Hello, I’m Sorry: Striking a balance, with new EP

hello im sorry house photo web

by Kristen Stanovich

Seth Little’s eyes light up as he recalls seeing the first guitar he ever bought. “In Enumclaw where I’m from… we had one shop that doubled as a gun shop and a pawn shop,” he shared, leaning slightly forward in his chair at The Black Drop. “They had this row of three guitars — two of them were awful but one one them was this Japanese ES-335… I saw it and I was like ‘that’s beautiful, I want it’ having absolutely no idea what was good or not.”

The front person and the mind behind Bellingham garage rock outfit Hello, I’m Sorry, Little said he first ventured into music in grade school when his fifth grade class was encouraged to pick up an instrument and play around. He chose the cello.

“With the cello, if you just play an open string it sounds beautiful, so I was like ‘man, I’m a god at this,’” Little said. “I was awful. Like, the worst cellist in Enumclaw.”

After years of practice, lessons and no progress, Little eventually sold his cello. At age 14, he picked up his dad’s acoustic guitar learning Violent Femmes tabs on the internet and starting a high school band that was, in his words, “really bad.” During his bout in the “Strokes knockoff band,” Little stuck to guitar, letting other bandmates take the reins for songwriting. It wasn’t until he moved to Bellingham that he first experimented with both writing and recording his own music.

Though he joked at how “terrible” his first album was, the collection of songs are charmingly ambitious. His first ever track, “Busses,” was recorded from a four-track to a cassette tape. The track opens with a simple, clear finger-picked guitar melody before fuzzy vocals take hold. A second slide guitar, droney and melancholy, comes in at about 20 seconds along with the vocals, almost Modest Mouse-esque with echoey preset drums. The track itself is sweet and evocative and the album is relatable and self-reflective – an evident launching point from which the project has sprung today.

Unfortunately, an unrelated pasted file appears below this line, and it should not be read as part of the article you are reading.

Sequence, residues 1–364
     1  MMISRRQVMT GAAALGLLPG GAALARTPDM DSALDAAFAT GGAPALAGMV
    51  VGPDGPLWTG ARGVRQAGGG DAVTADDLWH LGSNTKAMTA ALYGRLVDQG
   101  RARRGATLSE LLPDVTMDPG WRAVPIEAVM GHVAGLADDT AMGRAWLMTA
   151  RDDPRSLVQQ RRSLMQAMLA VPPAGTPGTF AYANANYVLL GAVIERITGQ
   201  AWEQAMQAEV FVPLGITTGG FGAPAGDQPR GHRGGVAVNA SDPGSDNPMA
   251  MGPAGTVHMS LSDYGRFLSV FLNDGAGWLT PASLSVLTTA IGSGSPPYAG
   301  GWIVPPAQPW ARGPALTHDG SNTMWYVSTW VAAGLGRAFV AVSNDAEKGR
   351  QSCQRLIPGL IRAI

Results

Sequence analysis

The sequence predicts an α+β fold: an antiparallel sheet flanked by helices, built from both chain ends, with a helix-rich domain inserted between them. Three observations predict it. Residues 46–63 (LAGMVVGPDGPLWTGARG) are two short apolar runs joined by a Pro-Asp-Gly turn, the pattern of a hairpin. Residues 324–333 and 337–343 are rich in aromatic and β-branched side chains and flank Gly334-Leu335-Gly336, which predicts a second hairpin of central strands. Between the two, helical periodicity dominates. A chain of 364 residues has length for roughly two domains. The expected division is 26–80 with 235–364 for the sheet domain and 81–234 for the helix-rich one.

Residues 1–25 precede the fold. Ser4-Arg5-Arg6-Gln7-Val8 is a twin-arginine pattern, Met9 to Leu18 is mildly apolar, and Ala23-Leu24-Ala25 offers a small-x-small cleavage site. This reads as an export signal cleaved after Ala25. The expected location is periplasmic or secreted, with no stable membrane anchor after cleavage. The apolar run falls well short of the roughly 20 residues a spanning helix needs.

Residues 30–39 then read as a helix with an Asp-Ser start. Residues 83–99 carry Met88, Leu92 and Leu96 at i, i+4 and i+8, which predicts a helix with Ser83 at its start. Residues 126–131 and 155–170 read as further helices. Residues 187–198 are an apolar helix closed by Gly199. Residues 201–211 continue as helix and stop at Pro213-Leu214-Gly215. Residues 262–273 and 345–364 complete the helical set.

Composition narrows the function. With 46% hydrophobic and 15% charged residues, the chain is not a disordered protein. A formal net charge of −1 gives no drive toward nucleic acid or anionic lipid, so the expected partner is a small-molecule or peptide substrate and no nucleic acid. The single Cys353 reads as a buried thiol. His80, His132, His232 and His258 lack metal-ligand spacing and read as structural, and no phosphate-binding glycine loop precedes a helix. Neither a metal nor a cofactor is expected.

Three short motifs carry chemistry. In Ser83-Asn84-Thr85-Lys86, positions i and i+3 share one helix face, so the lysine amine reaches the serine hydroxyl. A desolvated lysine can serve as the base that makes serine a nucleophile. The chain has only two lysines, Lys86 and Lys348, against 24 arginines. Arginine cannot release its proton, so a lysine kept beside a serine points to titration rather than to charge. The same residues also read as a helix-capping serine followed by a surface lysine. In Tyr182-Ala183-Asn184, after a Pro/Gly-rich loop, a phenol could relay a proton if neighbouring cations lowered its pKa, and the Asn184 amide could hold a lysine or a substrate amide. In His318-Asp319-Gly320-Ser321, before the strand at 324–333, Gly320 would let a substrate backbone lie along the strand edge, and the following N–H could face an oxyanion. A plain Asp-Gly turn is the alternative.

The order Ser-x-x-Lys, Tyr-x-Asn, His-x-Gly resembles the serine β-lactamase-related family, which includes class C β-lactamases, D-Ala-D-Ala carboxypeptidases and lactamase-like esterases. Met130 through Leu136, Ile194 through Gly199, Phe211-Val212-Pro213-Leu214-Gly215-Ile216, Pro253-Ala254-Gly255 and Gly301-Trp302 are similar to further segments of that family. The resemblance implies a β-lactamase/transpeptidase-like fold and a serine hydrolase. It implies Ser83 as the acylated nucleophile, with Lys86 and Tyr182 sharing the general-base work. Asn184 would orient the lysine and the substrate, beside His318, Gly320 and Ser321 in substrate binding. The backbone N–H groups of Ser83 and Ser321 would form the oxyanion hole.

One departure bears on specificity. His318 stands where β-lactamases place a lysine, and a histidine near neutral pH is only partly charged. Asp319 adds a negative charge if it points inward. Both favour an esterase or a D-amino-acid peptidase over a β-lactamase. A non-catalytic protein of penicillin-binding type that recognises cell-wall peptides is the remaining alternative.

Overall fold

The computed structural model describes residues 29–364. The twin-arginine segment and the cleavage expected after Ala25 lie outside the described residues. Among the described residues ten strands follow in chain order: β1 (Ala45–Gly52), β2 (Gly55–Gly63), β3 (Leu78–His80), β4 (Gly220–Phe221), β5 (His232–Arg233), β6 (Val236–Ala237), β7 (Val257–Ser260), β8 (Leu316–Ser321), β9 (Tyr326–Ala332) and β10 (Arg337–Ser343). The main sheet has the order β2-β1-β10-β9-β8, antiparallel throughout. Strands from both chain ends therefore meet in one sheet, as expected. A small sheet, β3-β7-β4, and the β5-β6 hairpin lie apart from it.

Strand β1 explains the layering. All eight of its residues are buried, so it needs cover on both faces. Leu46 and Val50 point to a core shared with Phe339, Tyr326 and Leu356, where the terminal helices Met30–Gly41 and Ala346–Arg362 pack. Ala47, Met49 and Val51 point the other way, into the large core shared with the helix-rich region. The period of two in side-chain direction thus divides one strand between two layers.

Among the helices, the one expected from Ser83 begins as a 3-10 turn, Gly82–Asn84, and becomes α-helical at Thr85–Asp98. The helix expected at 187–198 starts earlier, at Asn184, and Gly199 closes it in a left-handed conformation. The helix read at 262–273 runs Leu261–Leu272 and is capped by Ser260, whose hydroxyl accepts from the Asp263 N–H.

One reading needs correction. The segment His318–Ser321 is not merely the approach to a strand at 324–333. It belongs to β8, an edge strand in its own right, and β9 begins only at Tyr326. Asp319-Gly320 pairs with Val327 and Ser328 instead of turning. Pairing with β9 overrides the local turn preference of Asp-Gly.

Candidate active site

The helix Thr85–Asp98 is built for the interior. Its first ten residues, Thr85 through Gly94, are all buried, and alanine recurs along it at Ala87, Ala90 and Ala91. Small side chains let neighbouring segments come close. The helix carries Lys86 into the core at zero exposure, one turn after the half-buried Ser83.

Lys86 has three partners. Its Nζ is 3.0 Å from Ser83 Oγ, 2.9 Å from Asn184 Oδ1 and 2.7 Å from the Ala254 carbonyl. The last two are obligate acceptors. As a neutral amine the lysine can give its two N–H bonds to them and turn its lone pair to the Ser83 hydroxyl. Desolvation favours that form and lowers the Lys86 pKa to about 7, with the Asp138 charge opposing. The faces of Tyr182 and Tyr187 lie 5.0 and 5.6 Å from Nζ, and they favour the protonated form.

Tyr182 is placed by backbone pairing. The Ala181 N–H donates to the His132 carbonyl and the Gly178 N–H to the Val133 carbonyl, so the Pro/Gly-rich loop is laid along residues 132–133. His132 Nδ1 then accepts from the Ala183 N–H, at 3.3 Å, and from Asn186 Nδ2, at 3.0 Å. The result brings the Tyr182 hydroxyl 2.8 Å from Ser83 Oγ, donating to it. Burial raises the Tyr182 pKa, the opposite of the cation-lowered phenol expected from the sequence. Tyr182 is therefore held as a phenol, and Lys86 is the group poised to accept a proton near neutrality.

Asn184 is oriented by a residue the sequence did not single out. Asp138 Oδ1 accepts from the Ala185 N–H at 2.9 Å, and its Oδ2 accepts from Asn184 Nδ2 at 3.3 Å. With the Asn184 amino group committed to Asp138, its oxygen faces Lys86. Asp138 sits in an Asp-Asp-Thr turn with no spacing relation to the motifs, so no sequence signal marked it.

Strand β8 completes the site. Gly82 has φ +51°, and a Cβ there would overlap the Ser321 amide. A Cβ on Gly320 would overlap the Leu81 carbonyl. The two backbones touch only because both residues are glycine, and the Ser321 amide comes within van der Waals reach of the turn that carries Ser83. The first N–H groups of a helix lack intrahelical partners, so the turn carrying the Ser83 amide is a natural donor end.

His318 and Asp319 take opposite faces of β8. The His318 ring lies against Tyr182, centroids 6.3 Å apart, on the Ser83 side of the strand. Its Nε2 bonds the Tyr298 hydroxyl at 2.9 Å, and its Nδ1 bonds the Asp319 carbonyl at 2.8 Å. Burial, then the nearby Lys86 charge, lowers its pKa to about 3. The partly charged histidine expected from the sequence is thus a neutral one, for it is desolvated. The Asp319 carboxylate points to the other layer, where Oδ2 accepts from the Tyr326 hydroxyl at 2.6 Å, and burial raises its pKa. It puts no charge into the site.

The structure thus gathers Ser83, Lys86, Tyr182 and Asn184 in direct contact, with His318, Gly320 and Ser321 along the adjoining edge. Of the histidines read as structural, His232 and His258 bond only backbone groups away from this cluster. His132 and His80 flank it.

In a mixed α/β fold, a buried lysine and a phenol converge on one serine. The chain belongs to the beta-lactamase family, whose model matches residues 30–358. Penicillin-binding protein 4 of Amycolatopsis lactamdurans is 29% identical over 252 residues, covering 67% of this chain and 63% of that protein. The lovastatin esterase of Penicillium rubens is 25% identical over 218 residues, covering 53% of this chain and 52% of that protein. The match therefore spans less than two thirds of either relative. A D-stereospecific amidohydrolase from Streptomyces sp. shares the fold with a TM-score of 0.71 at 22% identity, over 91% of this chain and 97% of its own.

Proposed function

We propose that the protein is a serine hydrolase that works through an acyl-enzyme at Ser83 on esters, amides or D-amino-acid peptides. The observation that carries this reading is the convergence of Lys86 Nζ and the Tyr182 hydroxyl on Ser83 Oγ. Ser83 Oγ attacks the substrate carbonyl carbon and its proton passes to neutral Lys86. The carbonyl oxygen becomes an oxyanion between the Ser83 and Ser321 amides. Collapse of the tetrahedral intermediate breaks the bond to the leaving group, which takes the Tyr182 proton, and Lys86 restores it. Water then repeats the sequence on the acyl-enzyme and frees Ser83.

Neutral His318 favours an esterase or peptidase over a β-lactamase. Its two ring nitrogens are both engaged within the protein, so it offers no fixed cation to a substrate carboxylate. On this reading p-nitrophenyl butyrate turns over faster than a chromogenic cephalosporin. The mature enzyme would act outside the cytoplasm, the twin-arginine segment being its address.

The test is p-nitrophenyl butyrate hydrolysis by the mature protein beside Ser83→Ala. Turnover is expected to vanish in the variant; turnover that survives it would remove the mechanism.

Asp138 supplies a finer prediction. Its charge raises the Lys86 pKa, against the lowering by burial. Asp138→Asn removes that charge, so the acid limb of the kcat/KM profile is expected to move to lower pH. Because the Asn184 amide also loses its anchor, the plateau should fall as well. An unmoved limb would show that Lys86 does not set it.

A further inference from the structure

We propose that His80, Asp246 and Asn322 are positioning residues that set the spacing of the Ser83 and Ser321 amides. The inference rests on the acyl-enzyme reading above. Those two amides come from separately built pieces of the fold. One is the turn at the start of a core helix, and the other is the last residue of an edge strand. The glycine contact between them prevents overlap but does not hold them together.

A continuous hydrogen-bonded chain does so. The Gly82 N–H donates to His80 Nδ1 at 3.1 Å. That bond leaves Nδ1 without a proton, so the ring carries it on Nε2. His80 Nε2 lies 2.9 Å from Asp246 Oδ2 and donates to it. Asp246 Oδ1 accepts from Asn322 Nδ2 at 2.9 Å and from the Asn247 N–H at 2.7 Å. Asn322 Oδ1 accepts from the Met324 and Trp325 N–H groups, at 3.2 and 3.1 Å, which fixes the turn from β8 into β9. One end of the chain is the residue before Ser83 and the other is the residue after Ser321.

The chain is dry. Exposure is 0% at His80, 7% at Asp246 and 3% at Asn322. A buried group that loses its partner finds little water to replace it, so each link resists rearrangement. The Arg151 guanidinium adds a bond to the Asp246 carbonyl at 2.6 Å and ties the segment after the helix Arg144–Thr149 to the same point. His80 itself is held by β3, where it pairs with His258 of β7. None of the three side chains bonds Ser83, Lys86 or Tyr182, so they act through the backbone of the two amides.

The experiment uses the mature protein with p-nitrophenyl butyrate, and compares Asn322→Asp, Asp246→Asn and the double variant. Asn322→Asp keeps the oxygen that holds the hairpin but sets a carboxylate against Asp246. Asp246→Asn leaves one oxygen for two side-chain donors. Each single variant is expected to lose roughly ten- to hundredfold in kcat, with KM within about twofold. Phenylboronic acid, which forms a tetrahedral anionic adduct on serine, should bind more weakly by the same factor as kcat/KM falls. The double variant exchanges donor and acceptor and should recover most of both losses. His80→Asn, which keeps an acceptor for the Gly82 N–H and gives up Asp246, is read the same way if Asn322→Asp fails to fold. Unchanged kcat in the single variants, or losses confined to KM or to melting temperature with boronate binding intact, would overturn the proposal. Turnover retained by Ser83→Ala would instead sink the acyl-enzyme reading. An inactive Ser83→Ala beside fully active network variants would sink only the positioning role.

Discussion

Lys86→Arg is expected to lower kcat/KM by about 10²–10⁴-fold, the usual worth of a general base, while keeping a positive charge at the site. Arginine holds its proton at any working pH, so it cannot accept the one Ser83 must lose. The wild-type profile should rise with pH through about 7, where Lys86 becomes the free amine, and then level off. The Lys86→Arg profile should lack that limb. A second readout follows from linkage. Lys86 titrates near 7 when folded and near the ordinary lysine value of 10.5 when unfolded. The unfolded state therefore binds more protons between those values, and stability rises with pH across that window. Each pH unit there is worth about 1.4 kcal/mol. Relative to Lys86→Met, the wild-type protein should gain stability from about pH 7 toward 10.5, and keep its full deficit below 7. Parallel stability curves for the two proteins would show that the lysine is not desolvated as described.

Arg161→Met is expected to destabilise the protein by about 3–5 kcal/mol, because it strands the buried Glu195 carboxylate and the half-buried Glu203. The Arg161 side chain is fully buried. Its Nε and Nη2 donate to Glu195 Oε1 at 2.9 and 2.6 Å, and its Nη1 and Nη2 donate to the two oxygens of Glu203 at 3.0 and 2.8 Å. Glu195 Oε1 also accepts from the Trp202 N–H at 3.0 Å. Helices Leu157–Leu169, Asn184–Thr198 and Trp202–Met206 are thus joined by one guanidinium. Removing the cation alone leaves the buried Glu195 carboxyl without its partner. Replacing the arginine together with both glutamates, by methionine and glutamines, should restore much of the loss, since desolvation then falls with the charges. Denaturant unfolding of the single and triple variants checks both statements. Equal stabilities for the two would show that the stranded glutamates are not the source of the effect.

Serving as both performer and sound engineer on each album, Little records and edits each song himself prior to release. Using equipment like a four track and a reel to reel, Little said he often prefers analog methods of recording which influence the sound he thinks best suits the band. Paul Alan Rhodes (drums), Alexander Heness (guitar) and Cameron Richardson (bass) round out the group.

For him, music isn’t just about recording and releasing – it’s purposeful and tangible.

“[Tapes] are just cute. Not only that, they were the first physical form of music that people could just put out on their own, so everything that’s DIY is in a tape,” Little said. “Also my car only has a tape deck.”

Little finds that recording albums himself also provides him more freedom for experimentation. He often enters the recording process with a half-written song, tweaking and layering along the way until its final form. While he says he’d love to get into the recording studio for a future album, home recording broadens his own expectations and possibilities and ensures he doesn’t waste anyone else’s time.